Steiner House (1910)

The Steiner House was designed by Adolf Loos in 1910 for the painter Lilly Steiner and her husband Hugo. It clearly shows the main principle of Loos: the design must be determined by function.

Steiner House, front-view

Image source: http://www.galinsky.com

About Steiner House 

The Steiner house is an example of modern architecture. It became a must for architects in the 1920s and 1930s. Almost all of the literature of the Modern Movement has reproduced the garden façade as an indisputable example of radical rationalist modern architecture.

Steiner House, back-view

Image source: http://cargocollective.com

The bare façade was quickly assimilated to the formal purism of the 1920s and was the major reason for the building’s success. In this regard, it is interesting to note the comments of the writer Panayotis Tournikiotis who states: “This house renews the classical tradition, is not a desire to deny history.” For Loos the outside was the public side of the house; this is the reason why the surfaces of the wall are bare. The interior was the private side and reflected the owner’s taste. As some critics have stated, the house reflects a “classicism married to Anglo-Saxon domesticity in a search for spatial continuity“.

Steiner House’s front view, 3D model.
Steiner House’s back view, 3D model.

Image source: https://www.archweb.it

Loos’ design

The Steiner House demonstrates Loos’ ability to work with complex architectural objects, as it is necessary to take into account the limitations of form and planning norms. At the time, only one floor above street level was allowed. Loos’s solution was an arched tin roof with two additional floors, which give the structure a somewhat austere and futuristic look. This house is the embodiment of the ideas of Ornament and Crime, written in 1908, in which it rejects the flourishing style of the Vienna Secession, the Austrian version of Art Nouveau. The house reflects the architectural principles of Loos, a design that excludes all the tools of art to emphasize functionality. The front garden is an undeniable space of radical rationalism in modern architecture.

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Concept

Each volume is sized according to its role. All the interior spaces were under a single roofing plane. Carried out in this way a considerable space economy. The symmetry, the total lack of ornamentation defined the building. An architecture based on economy and the rigor of function.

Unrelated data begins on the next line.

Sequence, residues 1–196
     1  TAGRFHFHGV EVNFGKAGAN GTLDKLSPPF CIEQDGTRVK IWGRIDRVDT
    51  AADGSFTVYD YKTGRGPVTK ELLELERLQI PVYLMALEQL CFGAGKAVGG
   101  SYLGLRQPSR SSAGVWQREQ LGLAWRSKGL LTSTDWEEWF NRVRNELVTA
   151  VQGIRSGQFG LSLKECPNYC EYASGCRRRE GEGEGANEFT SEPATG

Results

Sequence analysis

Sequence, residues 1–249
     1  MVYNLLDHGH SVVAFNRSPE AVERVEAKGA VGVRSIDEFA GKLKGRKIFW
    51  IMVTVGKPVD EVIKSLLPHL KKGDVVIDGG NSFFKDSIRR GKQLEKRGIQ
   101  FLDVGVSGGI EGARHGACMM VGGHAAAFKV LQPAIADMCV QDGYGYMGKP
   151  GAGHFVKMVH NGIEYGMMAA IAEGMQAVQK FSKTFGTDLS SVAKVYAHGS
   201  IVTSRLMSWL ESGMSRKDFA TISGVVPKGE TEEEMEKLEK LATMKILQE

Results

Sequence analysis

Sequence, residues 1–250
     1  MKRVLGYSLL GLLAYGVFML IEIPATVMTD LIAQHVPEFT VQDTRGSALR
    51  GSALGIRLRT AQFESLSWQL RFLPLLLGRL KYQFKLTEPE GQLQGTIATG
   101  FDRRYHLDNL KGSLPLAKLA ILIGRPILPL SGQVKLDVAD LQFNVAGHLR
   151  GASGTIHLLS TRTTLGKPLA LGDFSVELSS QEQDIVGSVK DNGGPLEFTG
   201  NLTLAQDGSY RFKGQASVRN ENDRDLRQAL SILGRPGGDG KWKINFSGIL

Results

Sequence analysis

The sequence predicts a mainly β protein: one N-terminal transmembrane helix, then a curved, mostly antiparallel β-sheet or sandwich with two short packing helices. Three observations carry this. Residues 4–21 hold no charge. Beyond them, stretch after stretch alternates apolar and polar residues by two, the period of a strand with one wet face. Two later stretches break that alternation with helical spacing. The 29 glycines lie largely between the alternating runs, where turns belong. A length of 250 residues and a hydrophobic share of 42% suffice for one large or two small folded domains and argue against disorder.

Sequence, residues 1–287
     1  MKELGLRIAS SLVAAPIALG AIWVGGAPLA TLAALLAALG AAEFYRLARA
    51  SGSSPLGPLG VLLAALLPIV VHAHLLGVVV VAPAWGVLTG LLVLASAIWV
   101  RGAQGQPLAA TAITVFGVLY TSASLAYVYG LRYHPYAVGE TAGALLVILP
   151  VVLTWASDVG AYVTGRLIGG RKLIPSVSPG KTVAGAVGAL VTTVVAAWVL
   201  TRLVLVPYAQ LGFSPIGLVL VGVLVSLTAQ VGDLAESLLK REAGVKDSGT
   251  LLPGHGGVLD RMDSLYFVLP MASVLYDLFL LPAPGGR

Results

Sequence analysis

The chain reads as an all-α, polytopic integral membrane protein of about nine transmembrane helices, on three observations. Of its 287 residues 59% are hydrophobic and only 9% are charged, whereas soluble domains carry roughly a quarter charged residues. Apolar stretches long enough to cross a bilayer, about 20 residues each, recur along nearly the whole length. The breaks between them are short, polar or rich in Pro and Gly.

Stainer House’s original illustration.

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The house is finished with concrete and wood to adapt to the climatic conditions of Central Europe. The roof is covered in sheet metal, the walls are in concrete and bricks. The main façade is suitable for the canons and is covered in a semi-arch.

Image source: http://cargocollective.com

Spaces

The architect planned the building between the street and the garden. The combination of interior spaces is based on matching large and small spaces while maintaining a single roof. The side walls are different rooms with different heights. However, the rear façade is built in a symmetrical classical manner and is topped with a semicircular roof covered with metal. Thus, Loos solved the problem of transition between the front garden and the hills.

Steiner House’s interior

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On the rear façade, windows are irregularly arranged. Their sizes and heights differ depending on the interior to which they belong. This is a reflection of the “ramplan” principle, Loos’s concept applied in many of his works. This principle implies an intuitive understanding of space as a consequence of the free composition of volumes and plans. Clutch of different heights can be seen at the front through asymmetrical holes.

Steiner House’s interior

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Location

It is located in St. Veit-Gasse 10 St, Vienna, Austria.

Image source: https://it.wikipedia.org

Info sources: http://www.galinsky.com/buildings/steiner/index.htm http://cargocollective.com/adolfloos/Steiner-House https://en.wikiarquitectura.com/building/steiner-house/ http://architectuul.com/architecture/steiner-house